Friday, November 26, 2010

A Guide to the New Ruins of Great Britain

A Guide to the New Ruins of Great Britain
by Owen Hatherley • Verso Books, 2010

‘In this angry, fiercely-funny book, Owen Hatherley steps forward as the Pevsner of the PFI generation. He’s an erudite, urbane guide to the Ballardian wreckage of millennial Britain and the tangle of speculation and social engineering that brought it about. Essential reading for anyone who ever feels their blood start to boil when they hear the word “regeneration”.’
Hari Kunzru, author of My Revolutions

Back in 1997, New Labour came to power amid much talk of regenerating the inner cities left to rot under successive Conservative governments. Over the next decade, British cities became the laboratories of the new enterprise economy: glowing monuments to finance, property speculation, and the service industry – until the crash.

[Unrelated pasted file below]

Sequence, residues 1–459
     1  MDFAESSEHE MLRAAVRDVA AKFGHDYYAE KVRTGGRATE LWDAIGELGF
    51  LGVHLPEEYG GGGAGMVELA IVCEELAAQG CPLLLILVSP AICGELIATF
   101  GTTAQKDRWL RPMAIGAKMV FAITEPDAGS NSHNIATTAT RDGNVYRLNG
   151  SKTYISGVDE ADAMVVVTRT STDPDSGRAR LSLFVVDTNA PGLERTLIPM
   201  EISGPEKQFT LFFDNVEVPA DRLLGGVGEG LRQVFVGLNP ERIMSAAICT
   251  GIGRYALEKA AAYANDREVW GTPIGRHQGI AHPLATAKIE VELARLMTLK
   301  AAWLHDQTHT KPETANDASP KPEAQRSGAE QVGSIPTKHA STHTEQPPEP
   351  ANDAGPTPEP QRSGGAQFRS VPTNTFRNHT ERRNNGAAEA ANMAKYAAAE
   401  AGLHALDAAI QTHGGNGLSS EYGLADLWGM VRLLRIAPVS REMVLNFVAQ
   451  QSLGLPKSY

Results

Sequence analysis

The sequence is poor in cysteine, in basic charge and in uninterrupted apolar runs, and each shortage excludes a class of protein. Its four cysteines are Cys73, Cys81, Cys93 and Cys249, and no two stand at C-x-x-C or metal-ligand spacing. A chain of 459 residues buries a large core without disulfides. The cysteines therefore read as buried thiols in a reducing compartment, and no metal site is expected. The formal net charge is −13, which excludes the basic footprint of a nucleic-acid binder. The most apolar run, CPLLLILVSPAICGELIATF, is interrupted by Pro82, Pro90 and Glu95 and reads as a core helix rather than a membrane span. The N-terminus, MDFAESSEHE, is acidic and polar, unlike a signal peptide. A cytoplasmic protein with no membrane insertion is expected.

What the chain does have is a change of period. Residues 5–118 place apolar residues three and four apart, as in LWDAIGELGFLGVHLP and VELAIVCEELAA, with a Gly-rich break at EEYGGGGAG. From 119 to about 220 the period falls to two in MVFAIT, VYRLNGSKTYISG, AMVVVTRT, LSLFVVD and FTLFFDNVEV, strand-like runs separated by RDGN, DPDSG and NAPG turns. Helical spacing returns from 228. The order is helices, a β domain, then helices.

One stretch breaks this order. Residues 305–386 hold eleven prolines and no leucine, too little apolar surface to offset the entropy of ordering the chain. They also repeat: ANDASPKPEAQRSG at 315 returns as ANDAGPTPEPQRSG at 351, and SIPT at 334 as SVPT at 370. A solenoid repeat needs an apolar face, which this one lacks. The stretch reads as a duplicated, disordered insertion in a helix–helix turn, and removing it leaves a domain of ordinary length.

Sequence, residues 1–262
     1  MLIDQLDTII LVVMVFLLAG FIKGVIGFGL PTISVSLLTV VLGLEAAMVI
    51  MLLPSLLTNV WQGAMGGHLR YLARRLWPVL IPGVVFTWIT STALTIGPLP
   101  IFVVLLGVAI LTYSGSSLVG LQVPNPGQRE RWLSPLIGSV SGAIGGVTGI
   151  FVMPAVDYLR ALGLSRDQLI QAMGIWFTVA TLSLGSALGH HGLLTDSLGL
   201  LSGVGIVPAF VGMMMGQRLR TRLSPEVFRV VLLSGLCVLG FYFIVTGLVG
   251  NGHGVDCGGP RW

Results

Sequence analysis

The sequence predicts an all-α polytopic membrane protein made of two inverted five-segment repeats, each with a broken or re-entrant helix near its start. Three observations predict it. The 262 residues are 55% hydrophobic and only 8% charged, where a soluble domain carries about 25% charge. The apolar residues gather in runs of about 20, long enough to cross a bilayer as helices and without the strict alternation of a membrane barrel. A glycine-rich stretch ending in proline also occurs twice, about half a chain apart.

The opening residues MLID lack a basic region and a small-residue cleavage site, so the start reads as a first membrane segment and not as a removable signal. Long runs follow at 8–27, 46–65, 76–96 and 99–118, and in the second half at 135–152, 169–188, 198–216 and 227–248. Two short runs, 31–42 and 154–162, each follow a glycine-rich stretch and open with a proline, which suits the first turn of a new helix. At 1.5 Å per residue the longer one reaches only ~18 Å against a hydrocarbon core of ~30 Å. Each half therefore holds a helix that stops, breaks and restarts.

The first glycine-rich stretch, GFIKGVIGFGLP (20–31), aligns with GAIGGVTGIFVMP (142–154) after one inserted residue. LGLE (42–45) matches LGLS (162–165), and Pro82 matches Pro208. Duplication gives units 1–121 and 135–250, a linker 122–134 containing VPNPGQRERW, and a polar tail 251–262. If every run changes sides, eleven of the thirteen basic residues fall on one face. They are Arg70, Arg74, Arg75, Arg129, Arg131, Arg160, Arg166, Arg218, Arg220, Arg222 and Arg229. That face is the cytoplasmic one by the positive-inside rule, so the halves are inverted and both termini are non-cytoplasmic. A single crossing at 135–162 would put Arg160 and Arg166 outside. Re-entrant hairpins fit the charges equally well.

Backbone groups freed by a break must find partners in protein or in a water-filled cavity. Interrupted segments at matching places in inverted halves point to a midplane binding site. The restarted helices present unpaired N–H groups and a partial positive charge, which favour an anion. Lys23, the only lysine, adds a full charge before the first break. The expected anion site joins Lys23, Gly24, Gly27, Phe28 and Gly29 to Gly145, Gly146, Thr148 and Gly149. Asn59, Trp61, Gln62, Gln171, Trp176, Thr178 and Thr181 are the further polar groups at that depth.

In A Guide to the New Ruins of Great Britain, Owen Hatherley sets out to explore the wreckage – the buildings that epitomized an age of greed and selfish aspiration. From Greenwich to Glasgow, Milton Keynes to Manchester, Hatherley maps the derelict Britain of the 2010s: from riverside apartment complexes, art galleries, and amorphous interactive ‘centres’, to shopping malls and factory conversion lofts. In doing so, he provides a mordant commentary on the urban environment in which we live, work and consume.

By turns scathing, forensic, and bleakly humorous, A Guide to the New Ruins of Great Britain is a coruscating autopsy of a get-rich-quick, aspirational politics, a brilliant, architectural ‘state we’re in’.

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